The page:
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Paying Myself

Howard Rohleder

WHEN I RETIRED 10 years ago, I need to replace my biweekly paycheck. Because I was retiring early, and there would be no pension or Social Security for many years, my goal was to use savings to create a synthetic paycheck.

During my final few years of work, I prepared by channeling most of my paycheck into both taxable and tax-deferred accounts. My pay was much higher than what I needed for living expenses.

As I’d religiously tracked my spending in Quicken, I could run reports of my historical outlays. I added what would become my single largest expense in the first decade of retirement—purchasing health insurance. I also reduced my budget for those costs I figured would go away in retirement, such as dry cleaning.

I built an Excel spreadsheet showing my total expected annual expenses. Next, I divided the annual total by 26 to see my biweekly spending needs. I wanted to track how closely my actual expenses matched my estimate.

Though interest rates are nowhere near as high as when I began investing in the late 1970s, I tried to earn as much interest as possible on my savings until I spent the money. Our taxable investment account was a money market fund at Fidelity Investments. I also opened a high-yield savings account with Synchrony, the online bank. Between the two, I kept enough cash for two years of expenses, plus an emergency fund.

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Over the next 10 years, I moved money between Fidelity and Synchrony to catch the higher rate. For instance, during the pandemic, Fidelity’s money market rates dropped to 0.01%, while Synchrony’s high-yield savings rates stood at 0.5%. Neither was very satisfying, but I moved cash to Synchrony to earn the higher rate.

I’d also purchased certificates of deposit at each company, laddering them so one would mature every four months or so. When CD rates dropped to nothing during the pandemic, I still had several that paid 2% to 3%. As they matured, I didn’t buy new CDs because I didn’t want to lock in the low yields. Eventually, I began tapping retirement accounts to meet expenses, moving the money to the Fidelity money fund or Synchrony.

I keep my checking account at the local bank, replenished with transfers from Fidelity and Synchrony on the 15th and 30th of each month. I can transfer electronically between all three firms.

With each transfer to my checking account, I move enough cash to bring the balance up to a predetermined amount. Being somewhat meticulous, this transfer is to the penny. I might have a transfer of $2,321.47 if that’s what it takes to hit my desired target.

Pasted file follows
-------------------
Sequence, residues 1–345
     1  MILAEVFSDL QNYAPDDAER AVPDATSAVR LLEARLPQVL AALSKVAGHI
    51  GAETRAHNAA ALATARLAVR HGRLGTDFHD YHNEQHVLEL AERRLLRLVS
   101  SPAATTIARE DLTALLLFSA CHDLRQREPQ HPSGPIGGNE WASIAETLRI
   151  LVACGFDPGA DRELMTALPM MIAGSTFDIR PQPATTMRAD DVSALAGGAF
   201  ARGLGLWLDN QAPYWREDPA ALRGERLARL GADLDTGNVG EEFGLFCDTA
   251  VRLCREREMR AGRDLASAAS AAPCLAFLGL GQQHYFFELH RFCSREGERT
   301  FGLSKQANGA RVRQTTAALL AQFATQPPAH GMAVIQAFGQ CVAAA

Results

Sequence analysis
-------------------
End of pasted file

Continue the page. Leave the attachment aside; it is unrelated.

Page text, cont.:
On each transfer date, I pay whatever bills have accumulated, and also enter anticipated electronic withdrawals into Quicken. My health insurance premiums and my utilities are due on the first of the month. I arranged for all my credit card bills to be due around the 15th to help balance my monthly spending.

Occasionally, I have earnings from consulting or some other onetime payment. Since these are deposited into my checking account, they allow me to lower my next biweekly withdrawal from savings.

Each year, I compare my total withdrawals to my investment balance. I want to see how my actual withdrawals compare to the magical 4% figure that many sources say is a sustainable withdrawal rate. I also revisit my annual expenditures in Quicken to see if I need to adjust the biweekly transfers to my checking account.

The Synchrony and Fidelity accounts are replenished with interest, dividends and mutual fund distributions. With inflation spiking, I expect CD rates to begin inching up. I’ve begun rebuilding my CD ladder at Synchrony whenever the bank offers a special rate. For instance, it was recently offering 1.15% on a 13-month CD.

All this juggling between accounts takes time, but I figure it adds $1,200 to $1,600 a year over what I could earn at my local bank. I do lose some of that to taxes, but every little bit helps. If nothing else, it pays for a month of health insurance.

Howard Rohleder, a former chief executive of a community hospital, retired early after more than 30 years in hospital administration. In retirement, he enjoys serving on several nonprofit boards, exploring walking paths with his wife Susan, and visiting their six grandchildren. A little-known fact: In May 1994, Howard was featured—along with five others—on the cover of Kiplinger’s Personal Finance for an article titled “Secrets of My Investment Success.” Check out his previous articles.